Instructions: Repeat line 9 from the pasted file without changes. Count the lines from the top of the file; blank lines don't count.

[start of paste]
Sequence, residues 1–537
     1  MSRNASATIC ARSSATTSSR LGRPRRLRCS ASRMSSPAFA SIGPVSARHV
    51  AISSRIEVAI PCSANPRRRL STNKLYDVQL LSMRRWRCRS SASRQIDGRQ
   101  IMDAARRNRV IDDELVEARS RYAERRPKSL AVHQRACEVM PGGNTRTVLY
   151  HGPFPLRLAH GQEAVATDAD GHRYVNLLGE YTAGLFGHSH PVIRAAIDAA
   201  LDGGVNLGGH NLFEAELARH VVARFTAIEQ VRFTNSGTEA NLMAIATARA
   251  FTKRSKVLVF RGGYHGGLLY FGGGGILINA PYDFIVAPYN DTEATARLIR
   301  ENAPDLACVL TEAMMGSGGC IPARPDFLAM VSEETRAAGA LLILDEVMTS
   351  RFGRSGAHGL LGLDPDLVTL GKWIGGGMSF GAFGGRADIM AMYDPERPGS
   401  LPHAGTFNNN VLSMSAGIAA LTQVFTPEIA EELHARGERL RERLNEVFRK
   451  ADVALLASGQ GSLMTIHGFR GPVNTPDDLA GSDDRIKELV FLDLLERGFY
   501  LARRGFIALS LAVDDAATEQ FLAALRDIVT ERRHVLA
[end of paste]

   351  RFGRSGAHGL LGLDPDLVTL GKWIGGGMSF GAFGGRADIM AMYDPERPGS